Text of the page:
Digital slide scanning helps the work of pathologists and researchers in many ways – digital slides are easy to store, retrieve, view and analyze. However, pathologists and researchers can truly enjoy these benefits only if the digital slide has the right image quality.
Follow the three simple steps below necessary to achieve superior image quality with your digital slide scanner.
Step 1: Tissue Processing
Even the world’s best digital slide scanner cannot compensate for a poor-quality tissue sample, so a great quality digital slide starts with well-prepared tissue. Please find below some important points that need to be considered when preparing tissue specimens for scanning.
- Sectioning: For single-layer scanning, we recommend a standard tissue thickness of 7-10 μm. If you have thicker samples, extended focus scanning or Z-stack scanning will produce best results.
- Staining: Avoid pale staining or strong background staining because they are likely to hinder automated tissue detection.
- Fixing on glass slides: Digital slide scanners produce best results with flat tissue surfaces. Avoid any folds or wrinkles in the tissue for optimal focus. Also, use slides with standard sizes (75-76 mm length and 25-26 mm width for standard slides or 51-52 mm width for double-width slides).
- Coverslipping: Glass and plastic coverslips may both be used. However, make sure that the plastic coverslip is not twisted or wrinkled as this may affect scanner focus. Also, make sure that there are no air bubbles under the coverslip, as this also may result in areas scanned out of focus. For best results, the distance between slide edges and the edges of the mounted coverslip should be 1-2 mm, and the edges should be parallel with each other. Recommended coverslip sizes are max. 50 mm length and max. 24 mm width for standard slides or max. 50 mm width for double-width slides. In case of using a 40x objective, adjust the correlation ring to the thickness of the coverslip.
- Barcoding: When sticking a barcode on the glass slide, ensure that a marginal space of 1-2 mm remains on all sides between the sticker and the label area outer limits. Do not let the barcode sticker protrude from slide edges or stick on the coverslip surface. Do not stick more than 4 barcode stickers over each other and the overall thickness must be kept below 1.65 mm (including the barcodes and the slide).
- If the scanner uses Flash technology the orientation of the sample also affects scanning speed. For best results, the sample should be vertically oriented because the lines are read out in a vertical direction.
Step 2: Slide Preparation
For best results, please check and clean your glass slides thoroughly before loading them into the scanner.
- Overhanging coverslips or barcode labels, or excess glue may affect the fit of the slide in the magazine or the scanning mechanism itself, potentially causing jamming, breakage or inferior image quality.
- Before scanning, make sure you wipe glass slides clean of water spots or fingerprints. For more stubborn stains, use water or alcohol. Do not load glass slides that are not completely dry into the magazine – or else water or embedding medium may get into the scanning mechanism, causing inferior image quality.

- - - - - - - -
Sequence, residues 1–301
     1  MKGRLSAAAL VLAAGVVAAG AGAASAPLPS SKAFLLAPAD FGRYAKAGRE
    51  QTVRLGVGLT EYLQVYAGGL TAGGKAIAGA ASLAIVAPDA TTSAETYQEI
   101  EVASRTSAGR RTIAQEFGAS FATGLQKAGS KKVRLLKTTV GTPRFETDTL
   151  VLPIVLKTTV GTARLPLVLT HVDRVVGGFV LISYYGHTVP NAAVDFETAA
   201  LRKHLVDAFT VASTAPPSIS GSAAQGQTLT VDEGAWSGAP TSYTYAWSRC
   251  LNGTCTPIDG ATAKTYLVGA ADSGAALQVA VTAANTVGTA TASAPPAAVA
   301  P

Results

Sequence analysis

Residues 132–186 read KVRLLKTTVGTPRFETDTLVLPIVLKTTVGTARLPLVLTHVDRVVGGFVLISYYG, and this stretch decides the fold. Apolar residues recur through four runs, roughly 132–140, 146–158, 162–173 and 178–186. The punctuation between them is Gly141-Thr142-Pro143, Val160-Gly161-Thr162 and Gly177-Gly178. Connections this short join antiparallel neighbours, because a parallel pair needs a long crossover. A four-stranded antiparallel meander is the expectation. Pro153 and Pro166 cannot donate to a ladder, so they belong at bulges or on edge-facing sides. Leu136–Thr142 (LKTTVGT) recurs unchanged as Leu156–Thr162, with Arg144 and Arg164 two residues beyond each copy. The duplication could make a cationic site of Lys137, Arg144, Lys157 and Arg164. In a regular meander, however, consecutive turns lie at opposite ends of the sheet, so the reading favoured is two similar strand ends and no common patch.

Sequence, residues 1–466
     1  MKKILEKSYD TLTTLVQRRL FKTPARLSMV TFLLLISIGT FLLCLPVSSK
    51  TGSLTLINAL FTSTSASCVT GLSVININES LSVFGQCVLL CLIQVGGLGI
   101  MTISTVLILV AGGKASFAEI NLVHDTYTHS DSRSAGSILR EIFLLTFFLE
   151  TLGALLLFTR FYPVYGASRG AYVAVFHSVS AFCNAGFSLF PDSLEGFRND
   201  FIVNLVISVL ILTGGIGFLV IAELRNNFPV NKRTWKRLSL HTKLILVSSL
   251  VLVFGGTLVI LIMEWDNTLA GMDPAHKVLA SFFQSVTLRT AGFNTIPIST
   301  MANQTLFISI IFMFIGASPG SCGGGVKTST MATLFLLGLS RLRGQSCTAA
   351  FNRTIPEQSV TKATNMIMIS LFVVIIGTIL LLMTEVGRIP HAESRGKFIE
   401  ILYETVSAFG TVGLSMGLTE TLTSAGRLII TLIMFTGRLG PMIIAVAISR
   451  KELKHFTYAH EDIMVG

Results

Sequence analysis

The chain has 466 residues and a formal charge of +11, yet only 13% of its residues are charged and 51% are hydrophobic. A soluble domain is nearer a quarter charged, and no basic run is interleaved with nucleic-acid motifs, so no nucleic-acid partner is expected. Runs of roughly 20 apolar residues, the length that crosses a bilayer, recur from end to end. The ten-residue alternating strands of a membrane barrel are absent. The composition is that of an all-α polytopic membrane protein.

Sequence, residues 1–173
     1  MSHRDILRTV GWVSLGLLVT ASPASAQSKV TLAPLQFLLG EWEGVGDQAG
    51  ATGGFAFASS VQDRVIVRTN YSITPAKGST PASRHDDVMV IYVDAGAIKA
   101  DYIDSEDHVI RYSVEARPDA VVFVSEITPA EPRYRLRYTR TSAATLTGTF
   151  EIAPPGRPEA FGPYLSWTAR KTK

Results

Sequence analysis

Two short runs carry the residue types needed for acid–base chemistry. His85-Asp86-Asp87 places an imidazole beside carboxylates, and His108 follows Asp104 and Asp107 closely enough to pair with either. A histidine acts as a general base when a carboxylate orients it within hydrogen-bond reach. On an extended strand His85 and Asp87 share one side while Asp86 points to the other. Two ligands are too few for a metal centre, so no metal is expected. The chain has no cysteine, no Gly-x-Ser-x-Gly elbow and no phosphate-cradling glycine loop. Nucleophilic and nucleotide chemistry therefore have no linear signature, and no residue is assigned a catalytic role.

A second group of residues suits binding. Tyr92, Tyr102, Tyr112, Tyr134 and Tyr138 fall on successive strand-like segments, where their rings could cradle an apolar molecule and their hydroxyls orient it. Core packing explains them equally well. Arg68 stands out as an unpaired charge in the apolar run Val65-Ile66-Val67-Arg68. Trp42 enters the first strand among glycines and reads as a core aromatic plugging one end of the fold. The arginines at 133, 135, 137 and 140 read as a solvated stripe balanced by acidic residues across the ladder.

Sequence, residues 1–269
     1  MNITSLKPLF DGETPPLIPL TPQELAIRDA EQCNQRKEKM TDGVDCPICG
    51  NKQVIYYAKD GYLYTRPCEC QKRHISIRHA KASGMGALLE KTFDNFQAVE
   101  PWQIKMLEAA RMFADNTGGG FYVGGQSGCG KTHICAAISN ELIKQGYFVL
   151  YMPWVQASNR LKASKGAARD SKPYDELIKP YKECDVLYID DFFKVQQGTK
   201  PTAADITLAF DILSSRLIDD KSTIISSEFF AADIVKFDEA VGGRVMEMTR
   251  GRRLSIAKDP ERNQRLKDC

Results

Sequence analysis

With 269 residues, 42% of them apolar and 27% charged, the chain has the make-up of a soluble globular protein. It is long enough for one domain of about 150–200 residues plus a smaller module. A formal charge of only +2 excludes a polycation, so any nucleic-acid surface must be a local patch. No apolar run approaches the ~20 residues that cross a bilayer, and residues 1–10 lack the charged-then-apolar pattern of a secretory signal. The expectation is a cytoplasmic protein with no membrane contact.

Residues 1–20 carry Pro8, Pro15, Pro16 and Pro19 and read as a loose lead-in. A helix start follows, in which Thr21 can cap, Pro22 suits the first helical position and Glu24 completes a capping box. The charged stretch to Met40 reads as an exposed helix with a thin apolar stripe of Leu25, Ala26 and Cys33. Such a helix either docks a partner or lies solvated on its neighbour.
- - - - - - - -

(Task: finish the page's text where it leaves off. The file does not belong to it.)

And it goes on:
- If you need to mark an area of interest on the glass slide, do not use a marker that may scratch the glass surface of a slide. Use a soft tip pen instead. Please note that some markers may dissolve in water; keep in mind not to use these with water immersion objectives.
- Do not use glass slides with any cracks or small pieces of glass may drop during scanning, causing a jam or even potentially damage the scanning mechanism.
- Make sure that glass slides are in a straight position in the magazine – or it is highly likely that your digital slides will have unfocused areas.
- Please keep magazines clean from dust, broken glass and other embedding media residues. The slide loader will only operate safely and properly with clean magazines.
Step 3: Slide Scanning
There are several digital slide scanners on the market, each with its own characteristics. Still, there are some general guidelines for achieving superior scanning quality.
- Your scanner should have an automatic tissue detection feature, focusing on the tissue on the slide and excluding all other, non-relevant objects. However, substandard staining, discoloration or specks on the slides may result in poor tissue detection. It is advisable to review the tissue detection on suboptimal slides before scanning to avoid the need for rescans later.
- Focusing should be automatic with focus points automatically placed all over the tissue specimen. If there are out-of-focus areas on the slide, setting additional focus points manually can be helpful.
- For water immersion scanning, ensure that there is enough water to prevent the objective from drying out during scanning. However, if there is too much water, it can ooze under the coverslip, resulting in substandard image quality.
- After scanning, use the full preview image saved into the slide to check if every relevant area has been scanned and to identify potential scanning errors.
Follow the steps described above to achieve superior image quality with your digital slides.
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